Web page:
Sep 06 2013

Expanding waistline? When is a dog’s pot-belly more than just weight gain?

Relxing after a busy day at the veterinary practice

Seattle veterinarians explore pet weight gain possibilities.

Growing old can be tough even for dogs. Lucy, an 11 year old Boston Terrier, wasn’t ever a super active dog, yet her owners thought she was definitely slowing down. When she started having urinary accidents in the house, something that was very unusual, her owners became worried.

Lucy 1Dr. Robin Riedinger evaluated Lucy at our Seattle veterinary hospital and was immediately concerned. Lucy was alert but very subdued compared to past visits. Her weight was increased but her strength and muscle tone had decreased. She had a ‘pot-bellied’ appearance (her tummy girth was measured at 59cm) and she was a little uncomfortable when her abdomen was palpated. In order to better understand what was occurring, we admitted Lucy to Hawthorne Hills Veterinary Hospital to get radiographs, blood tests, and a urine sample.

On the radiographs (x-rays) there was evidence that her liver was enlarged and some changes consistent with her age, but fortunately no indication of a cancerous mass causing the distension of her belly. The blood and urine testing pointed us in the direction of Cushing’s disease, also known as Hyperadrenocorticism. Lucy’s body was overproducing Cortisol and causing the symptoms she was having – increased thirst, increased urination, muscle weakness, and a pot-belly.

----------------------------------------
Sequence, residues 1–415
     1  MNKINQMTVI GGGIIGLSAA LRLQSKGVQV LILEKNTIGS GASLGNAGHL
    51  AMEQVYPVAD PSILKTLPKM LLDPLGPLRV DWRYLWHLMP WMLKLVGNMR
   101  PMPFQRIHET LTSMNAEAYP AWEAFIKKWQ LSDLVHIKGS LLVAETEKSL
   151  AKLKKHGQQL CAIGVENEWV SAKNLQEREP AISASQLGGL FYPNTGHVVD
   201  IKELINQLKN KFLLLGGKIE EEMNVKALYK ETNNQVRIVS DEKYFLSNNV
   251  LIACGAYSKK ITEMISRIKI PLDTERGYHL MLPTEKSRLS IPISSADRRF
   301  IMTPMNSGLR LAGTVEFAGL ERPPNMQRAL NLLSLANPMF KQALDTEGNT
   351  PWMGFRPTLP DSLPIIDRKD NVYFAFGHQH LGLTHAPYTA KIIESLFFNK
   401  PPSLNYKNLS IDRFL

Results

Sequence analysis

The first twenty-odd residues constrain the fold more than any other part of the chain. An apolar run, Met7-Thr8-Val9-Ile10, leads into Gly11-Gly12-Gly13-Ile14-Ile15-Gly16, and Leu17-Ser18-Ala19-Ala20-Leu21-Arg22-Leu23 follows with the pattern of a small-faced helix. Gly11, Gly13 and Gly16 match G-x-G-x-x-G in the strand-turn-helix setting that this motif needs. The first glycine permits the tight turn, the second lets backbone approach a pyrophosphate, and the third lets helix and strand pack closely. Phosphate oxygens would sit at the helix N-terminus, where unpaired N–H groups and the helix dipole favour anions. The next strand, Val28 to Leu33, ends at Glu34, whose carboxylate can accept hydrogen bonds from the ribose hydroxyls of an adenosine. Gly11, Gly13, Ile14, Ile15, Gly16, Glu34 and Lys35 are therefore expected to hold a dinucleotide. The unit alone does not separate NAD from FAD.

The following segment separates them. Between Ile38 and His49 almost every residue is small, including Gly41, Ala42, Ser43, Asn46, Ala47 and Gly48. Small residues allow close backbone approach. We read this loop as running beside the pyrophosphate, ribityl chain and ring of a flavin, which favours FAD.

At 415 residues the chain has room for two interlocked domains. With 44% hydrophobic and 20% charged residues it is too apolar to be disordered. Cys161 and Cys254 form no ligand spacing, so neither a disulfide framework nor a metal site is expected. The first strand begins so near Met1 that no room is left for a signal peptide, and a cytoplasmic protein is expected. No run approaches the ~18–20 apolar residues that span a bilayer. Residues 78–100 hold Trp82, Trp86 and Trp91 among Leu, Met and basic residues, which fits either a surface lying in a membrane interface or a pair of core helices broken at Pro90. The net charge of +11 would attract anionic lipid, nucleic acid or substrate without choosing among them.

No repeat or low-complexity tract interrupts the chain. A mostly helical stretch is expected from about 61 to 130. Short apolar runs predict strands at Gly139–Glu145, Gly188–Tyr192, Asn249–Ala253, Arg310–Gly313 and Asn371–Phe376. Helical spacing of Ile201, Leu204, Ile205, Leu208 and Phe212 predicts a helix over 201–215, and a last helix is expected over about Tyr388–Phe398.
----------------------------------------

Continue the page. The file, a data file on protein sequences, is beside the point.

There are several causes for this syndrome and additional testing was necessary to determine whether the problem was because of a change in her Adrenal glands, or because of a change in the Pituitary gland which tells the body how, and when, to produce more Cortisol. Ultimately, with the help of an internal medicine specialist, Lucy’s disease was confirmed to be in the Pituitary gland of her brain; she most likely has a Pituitary Macroadenoma which is a type of tumor. Although the tumors are considered benign (not cancerous) they still cause problems because they take up space and put pressure on the normal brain tissue.

Fortunately this is a disease which has some treatment options. Lucy now takes daily medications and was started on a special diet (Hill’s b/d for brain function) along with some supplements to help her body function better. She has lost her swollen tummy (her girth is back to a more normal 53cm), she isn’t having any urinary accidents, and her attitude and appetite are improved.

Lucy is a very sweet dog who is loved by her owners and we are glad that she has responded well. To learn more about this disease please feel free to contact any of the doctors at Hawthorne Hills Veterinary Hospital in Seattle, WA or click on the links below.

Links:

What exactly is Cushing’s Disease:  http://www.veterinarypartner.com/Content.plx?P=A&S=0&C=0&A=619

Pituitary Macroadenoma:   http://www.veterinarypartner.com/Content.plx?P=A&S=0&C=0&A=638

Link to Hill’s b/d food for dogs:   http://www.hillspet.com/products/pd-canine-bd-canine-aging-and-alertness-dry.html

Robin E. Riedinger, DVM Hawthorne Hills Veterinary Hospital, Seattle WA | Diagnosis, Diseases, Medical Conditions

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